James Keelaghan has been called “Canada’s finest songwriter.” He has traversed the world singing his songs that are soulfully stepped in history. Keelaghan lives for history and entices the listener with his detailed entertaining monologues and songs about real-life people whose lives represent the universal human condition.
To learn more about James Keelaghan, visit his website.
Take a listen to one of James’ most popular songs, “Cold Missouri Waters.”
James Keelaghan will be performing at the me&thee in Marblehead, MA on February 15, 2019.
One of the many reasons why your dedicated fans love you is the breadth of your knowledge about all aspects of history. What have you been learning about lately?
I have a couple of things that I hone in on, World War One, specifically the Battle of the Frontiers and Verdun—I’m reading a book right now to do with that called August 1914 which is specifically about the court-martial of two British officers for their actions during the battle of Le Cateau (art of the battle of the frontiers). I knew about Le Cateau, but didn’t know about the courts-martial so that is kinda new. I also can’t have just one book on the go. I’m also reading a book called Fatal Discord which is a parallel biography of Erasmus of Rotterdam and Martin Luther. Erasmus has always been one of my heroes and Luther one of my villains, so it’s interesting reading. Lots of social detail about the 15th and 16th centuries which is really fascinating.
What piqued your interest in history in the first place?
My Dad was Irish and my Mum was English, so I grew up steeped in history. It’s always seemed to me that if you are trying to solve a problem or understand a situation, you’ll never get anywhere unless you know the history. History is also at its root, storytelling. I’ve always been a storyteller.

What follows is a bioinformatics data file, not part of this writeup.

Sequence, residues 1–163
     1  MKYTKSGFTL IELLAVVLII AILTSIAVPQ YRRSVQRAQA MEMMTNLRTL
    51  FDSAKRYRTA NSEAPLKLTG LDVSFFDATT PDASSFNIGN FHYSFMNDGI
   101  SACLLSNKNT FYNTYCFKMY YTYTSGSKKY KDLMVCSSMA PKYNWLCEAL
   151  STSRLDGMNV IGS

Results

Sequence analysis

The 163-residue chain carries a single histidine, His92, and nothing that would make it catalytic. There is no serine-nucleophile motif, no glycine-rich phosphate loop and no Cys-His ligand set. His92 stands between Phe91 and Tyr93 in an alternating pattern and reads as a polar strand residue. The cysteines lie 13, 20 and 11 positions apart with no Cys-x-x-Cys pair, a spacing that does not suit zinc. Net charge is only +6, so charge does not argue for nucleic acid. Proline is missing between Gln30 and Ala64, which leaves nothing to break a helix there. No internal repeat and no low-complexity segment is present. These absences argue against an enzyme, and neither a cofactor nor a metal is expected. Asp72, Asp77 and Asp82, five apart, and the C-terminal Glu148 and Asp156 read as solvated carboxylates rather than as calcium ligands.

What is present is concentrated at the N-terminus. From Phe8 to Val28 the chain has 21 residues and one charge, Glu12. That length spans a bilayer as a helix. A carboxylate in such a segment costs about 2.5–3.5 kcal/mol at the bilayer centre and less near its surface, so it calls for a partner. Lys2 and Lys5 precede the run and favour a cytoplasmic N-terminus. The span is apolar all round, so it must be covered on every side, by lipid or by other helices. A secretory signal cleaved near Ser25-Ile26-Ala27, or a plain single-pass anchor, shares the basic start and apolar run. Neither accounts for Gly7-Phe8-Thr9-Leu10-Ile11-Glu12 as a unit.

Tell us about your music trips to Ireland. Fans can accompany you and have fun, listen to music, and learn a lot of musical lore, I’m sure. Do you have a trip planned for this year?
Yes, the next one is in September this year, but is sold out. There’s another starting on August 28, 2020. I love those trips. It’s a really deep dive into Irish music, and it’s a very un-bus tour-like bus tour. It goes at an easy pace—we generally stick to a small area of the island rather than trying to do the whole thing, so, we might do Cork, Clare, and Galway. We stay in each hotel for three nights, rather than packing up and moving every day and the day part of the tour can include a local historian and archaeologist or others that are going to give you a very non-touristy look at the place.
Have you written any new music lately? If so, can you give us an idea about any of it?
I’m currently writing for a new CD and have 7 good songs in the bag. There’s some story songs, some landscape numbers. A good assortment. I don’t tend to write about my personal life per se. I was also involved in an interesting project early last year translating the songs of a fellow by the name of Fabrizio de Andre. He was basically Italy’s Bob Dylan. A group of us were brought together to translate, arrange and perform his songs in his hometown of Genoa. I think a couple of those songs are going to make it onto the CD, and if I’m brave, maybe even the one I sang in Italian.
I know that you travel to festivals quite often. Have you discovered any artists that you admire that you would never have met if it wasn’t for your gigs?
Meeting Odetta face to face, and playing a game of air volleyball with her was very exciting! I got to know Richie Havens over the years. I can’t imagine meeting them outside of the gigs and the festivals.
Do you have a favorite song that you cover?
A favourite right now is “Eulalie” by Jesse Winchester
What’s a fun fact about you that no one knows until now?! You never know what someone knows. But i think it’s fun that I am a Fellow of the Royal Canadian Geographic Society.
Hi there. I’d never heard of JK before. I listened to a couple of his songs. He reminds me of Garnet Rogers, I think. See you!
Yes, they’re buddies!